When I began working with SB Overseas, I would never have imagined that my first day ‘working in the centre’ would look something like this

I do not think my first workshop could have gone much better. I embraced my inner Nigella Lawson and made the fifteens alongside the boys. As always, the young people were extremely motivated and eager to learn. They were excited to try something new and enjoyed learning about ingredients they had never seen before. Our cultural exchange programme is beneficial in helping the youth integrate into society and to embrace change and newness. I was impressed that they did not resist trying a new food, something that can be daunting. I know that when I was their age I would have been much more resistant to trying something new.

The young people were even very helpful in tidying up! Unheard of in most teenagers. The only slight mishaps included me speaking too fast and using Northern-Irish colloquialisms. However, overall the workshop ran rather smoothly (albeit stickily with condensed milk and marshmallows).  The young people enjoyed themselves, laughing and joking together and showing those of us on zoom their mixture for approval. They were extremely patient with our technical difficulties and shared their fifteens with their friends in the centre.

A Zoom workshop, delivered by me from my living room in Northern Ireland, to the Woluwe-Saint-Pierre Fedasil Centre in Brussels… with my camera set-up involving my ironing board. My workshop was clearly an extremely high-tech operation.

As the SB Espoir Activity Development Intern, I am responsible for implementing activities in Belgian asylum centres to support the well-being and inclusion of asylum-seeking youth and women. In this workshop we focussed on cultural exchange by making ‘fifteens’, a traditional Northern Irish sweet treat that does not require any cooking. It was very popular. Anything consisting of such high quantities of sugar was bound to be well-liked. Of course, we also explained the health implications of too much sugar and outlined the importance of a good diet for looking after your health during the pandemic.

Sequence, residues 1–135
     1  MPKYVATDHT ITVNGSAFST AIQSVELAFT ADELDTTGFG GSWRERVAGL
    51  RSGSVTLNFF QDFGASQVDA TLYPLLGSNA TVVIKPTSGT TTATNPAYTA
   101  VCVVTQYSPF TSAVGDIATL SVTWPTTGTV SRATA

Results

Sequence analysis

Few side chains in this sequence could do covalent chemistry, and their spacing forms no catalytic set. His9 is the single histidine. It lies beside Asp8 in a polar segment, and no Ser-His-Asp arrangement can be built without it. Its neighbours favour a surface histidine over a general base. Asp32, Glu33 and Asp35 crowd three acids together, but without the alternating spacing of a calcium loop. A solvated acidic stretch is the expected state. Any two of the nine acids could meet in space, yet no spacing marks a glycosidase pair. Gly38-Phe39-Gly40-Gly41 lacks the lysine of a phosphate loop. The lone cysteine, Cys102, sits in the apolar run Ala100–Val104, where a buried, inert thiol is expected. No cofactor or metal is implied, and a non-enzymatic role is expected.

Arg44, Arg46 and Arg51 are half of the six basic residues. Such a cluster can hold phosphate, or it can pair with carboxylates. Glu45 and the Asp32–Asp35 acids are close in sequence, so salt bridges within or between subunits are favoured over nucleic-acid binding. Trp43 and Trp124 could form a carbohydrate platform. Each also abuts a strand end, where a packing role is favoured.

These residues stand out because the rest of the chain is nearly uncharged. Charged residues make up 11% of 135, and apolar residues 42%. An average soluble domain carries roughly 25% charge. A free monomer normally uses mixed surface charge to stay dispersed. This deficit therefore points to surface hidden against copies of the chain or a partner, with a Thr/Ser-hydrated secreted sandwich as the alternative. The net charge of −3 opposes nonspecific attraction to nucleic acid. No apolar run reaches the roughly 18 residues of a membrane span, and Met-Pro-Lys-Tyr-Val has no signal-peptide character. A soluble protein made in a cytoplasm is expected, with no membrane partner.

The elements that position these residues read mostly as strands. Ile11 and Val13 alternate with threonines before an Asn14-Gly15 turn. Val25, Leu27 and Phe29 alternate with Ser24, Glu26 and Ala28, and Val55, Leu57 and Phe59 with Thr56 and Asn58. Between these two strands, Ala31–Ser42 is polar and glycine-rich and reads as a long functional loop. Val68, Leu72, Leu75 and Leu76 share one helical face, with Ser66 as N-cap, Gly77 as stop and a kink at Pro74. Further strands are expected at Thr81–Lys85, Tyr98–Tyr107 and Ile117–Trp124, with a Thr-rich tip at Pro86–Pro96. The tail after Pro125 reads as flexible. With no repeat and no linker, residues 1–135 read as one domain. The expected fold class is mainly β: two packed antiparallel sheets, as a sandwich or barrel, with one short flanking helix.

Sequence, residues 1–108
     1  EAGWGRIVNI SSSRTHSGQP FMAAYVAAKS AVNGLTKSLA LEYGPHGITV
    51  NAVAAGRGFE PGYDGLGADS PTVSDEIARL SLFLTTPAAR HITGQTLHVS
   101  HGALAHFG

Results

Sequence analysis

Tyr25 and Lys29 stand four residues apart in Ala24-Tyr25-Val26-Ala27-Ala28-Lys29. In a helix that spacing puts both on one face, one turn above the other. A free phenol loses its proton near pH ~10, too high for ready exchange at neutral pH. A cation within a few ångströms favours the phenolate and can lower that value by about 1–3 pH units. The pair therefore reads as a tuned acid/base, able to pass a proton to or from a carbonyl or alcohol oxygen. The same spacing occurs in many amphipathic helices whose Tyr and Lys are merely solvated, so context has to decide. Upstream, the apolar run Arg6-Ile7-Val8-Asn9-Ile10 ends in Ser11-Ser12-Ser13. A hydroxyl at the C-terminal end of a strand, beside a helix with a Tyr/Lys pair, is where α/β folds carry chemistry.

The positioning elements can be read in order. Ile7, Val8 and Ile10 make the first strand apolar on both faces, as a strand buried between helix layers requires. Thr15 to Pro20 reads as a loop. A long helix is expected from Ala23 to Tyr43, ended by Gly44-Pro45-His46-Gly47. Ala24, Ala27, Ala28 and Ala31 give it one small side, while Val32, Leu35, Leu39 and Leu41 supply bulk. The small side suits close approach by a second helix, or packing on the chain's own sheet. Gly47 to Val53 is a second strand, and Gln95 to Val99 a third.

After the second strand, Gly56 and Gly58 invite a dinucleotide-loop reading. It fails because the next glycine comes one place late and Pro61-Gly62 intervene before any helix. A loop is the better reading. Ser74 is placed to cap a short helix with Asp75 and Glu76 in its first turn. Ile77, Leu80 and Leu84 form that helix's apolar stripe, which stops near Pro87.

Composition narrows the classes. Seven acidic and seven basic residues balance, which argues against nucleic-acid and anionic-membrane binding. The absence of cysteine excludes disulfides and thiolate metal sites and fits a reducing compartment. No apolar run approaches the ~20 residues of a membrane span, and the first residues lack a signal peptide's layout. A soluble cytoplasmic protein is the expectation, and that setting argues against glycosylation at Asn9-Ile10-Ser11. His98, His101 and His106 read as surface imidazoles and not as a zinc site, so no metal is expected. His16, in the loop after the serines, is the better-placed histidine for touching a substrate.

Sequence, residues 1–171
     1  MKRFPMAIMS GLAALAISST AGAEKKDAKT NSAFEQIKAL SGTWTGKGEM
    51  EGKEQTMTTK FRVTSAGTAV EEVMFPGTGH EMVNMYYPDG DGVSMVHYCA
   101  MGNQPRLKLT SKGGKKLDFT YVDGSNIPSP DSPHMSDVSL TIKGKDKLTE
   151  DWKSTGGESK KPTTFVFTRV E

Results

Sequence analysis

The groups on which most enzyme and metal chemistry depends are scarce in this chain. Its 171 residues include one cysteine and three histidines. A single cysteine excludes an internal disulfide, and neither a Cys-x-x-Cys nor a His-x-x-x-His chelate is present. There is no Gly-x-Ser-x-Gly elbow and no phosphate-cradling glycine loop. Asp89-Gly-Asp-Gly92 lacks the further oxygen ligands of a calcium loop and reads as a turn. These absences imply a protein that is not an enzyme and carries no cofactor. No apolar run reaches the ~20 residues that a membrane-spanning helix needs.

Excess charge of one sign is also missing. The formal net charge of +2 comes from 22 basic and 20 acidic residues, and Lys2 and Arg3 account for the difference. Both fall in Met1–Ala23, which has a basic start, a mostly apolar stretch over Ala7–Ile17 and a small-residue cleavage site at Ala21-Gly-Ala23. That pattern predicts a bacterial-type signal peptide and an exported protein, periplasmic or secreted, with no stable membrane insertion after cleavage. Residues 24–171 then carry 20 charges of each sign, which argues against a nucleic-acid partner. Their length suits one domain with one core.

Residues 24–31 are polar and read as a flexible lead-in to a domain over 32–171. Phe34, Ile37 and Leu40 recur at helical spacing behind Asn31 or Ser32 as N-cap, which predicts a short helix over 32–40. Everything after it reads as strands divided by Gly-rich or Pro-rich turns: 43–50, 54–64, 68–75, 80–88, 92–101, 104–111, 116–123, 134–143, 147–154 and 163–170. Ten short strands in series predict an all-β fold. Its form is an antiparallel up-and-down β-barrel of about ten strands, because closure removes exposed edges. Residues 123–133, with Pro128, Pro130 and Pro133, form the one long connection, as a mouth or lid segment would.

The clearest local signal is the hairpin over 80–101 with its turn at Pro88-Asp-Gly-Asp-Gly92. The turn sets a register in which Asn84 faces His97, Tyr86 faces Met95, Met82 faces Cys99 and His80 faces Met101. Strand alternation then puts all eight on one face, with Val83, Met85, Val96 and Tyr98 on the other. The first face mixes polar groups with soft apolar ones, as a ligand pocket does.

I was also saved from having to explain how to make fifteens in French which helped. Having an SB Overseas volunteer to translate into Arabic and Dari was extremely advantageous. The youth had lots of questions and were eager to learn about different cultures. It was amazing how motivated they were. The activity was so successful that we repeated it again in a different centre two weeks later. My family certainly wasn’t complaining about the abundance of fifteens.

Coronavirus has changed the nature of meetings and workshops for us all. I am now entirely familiar with the frustrations of zoom meetings. However, using zoom has also been advantageous for teaching IT skills to the youth in the centres, an extremely beneficial skill for integrating in today’s increasingly online world.

Sharing a favourite childhood treat via the internet with a group of patient, kind and motivated boys was definitely a highlight of 2020. We must continue to connect with one-another despite lockdown and to share moments of joy. We at SB Overseas are so pleased that we have managed to build a bridge to communicate with refugees in these centres and that we have continued this line of communication during a pandemic. We hope that it will soon be possible to have more of these connections in person to strengthen their integration into Belgian society.

If any readers would like to make fifteens for themselves (via zoom or just in their kitchen), the recipe is as follows:

Ingredients

  • 15 Digestive biscuits
  • 15 Marshmallows
  • 15 Glacé Cherries
  • ½ tin condensed milk (180ml)

Approximately 100g desiccated coconut

Method

  • Place the digestive biscuits into a sealed bag and crush them into a fine crumb using a rolling pin
  • Cut the marshmallows into quarters and the glacé cherries in half
  • Place the crushed biscuits, marshmallows and glacé cherries into a bowl with the condensed milk and stir together
  • Sprinkle desiccated coconut onto some aluminium foil or cling-film.
  • Place the mixture on top of the coconut and shape it into a log.
  • Sprinkle more coconut on the top of the log and wrap it tightly.
  • Place in the fridge for 2-3 hours, slice and enjoy.

Can you guess why they’re called fifteens?